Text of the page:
Who is dealing with your case?

Crime Reference Number
Name of

Reporting Officer

Email of Reporting Officer
Phone number of Reporting officer
Your Local Safer Neighbourhood Team (SNT)
Contact your SNT

In most cases the reporting officer will also be the investigating officer but depending on the crime, the investigation may be passed to a specialist Criminal Investigation Department or Safeguarding Unit. Once the report has been allocated, the investigating officer will contact you.

The Safer Neighbourhood Team can assist by updating you on what’s being done to tackle crime in your area, providing crime prevention advice and linking you to Neighbourhood Watches or other local structures.

Contacting us

For non-emergencies call 101 and for immediate police response call 999.
Please contact the investigating officer if:

  • You remember something not already included in your current statement.
  • Your contact details change.
  • The crime involved hostility, for example, if you were targeted because of your (or because of your perceived) race, sexuality, religion, disability or gender identity.
  • You are worried about your own or your family’s safety or privacy.
  • You have any specific needs, for example, mobility, communication or religious requirements.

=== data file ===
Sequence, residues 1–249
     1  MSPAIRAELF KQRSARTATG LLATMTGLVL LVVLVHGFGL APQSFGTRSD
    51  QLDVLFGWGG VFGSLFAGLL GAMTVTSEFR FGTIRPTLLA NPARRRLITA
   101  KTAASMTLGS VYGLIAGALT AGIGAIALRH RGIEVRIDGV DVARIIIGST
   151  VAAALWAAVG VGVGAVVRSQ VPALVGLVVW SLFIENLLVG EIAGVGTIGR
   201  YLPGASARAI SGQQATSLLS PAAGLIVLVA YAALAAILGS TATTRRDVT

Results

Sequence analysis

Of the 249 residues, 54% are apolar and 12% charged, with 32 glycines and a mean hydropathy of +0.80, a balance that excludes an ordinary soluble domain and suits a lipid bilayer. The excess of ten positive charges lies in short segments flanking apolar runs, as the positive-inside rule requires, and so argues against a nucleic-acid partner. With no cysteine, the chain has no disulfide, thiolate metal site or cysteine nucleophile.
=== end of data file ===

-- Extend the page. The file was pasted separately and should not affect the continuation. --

Help with translation

You can ask for help with translation when reporting a crime, being interviewed by the police or giving evidence in court. Please discuss with the reporting officer or the investigating officer.
Investigating the crime

We will treat you with empathy, fairness, dignity and respect and will investigate impartially and with an open mind to establish the facts.  This may involve:

  • taking statements
  • speaking to witnesses • completing CCTV enquiries
  • doing forensic tests.

We will take your allegation seriously, support you and, where offences have been committed, do our best to bring offenders to justice. Whatever happens, you will be told whether or not the crime is being investigated further or if the investigation is closed and the reasons why.

Gathering evidence and building a case may take 18 months or more, depending on the complexity of the case. You will be kept informed on how your case is progressing every 28 days.

Victims’ Right to Review (VRR)

If you are dissatisfied with the police decision not to prosecute, you are entitled to seek a review within three months of the decision. At the conclusion of the investigation you will be provided details on the VRR process and how you can request a review. Visit: *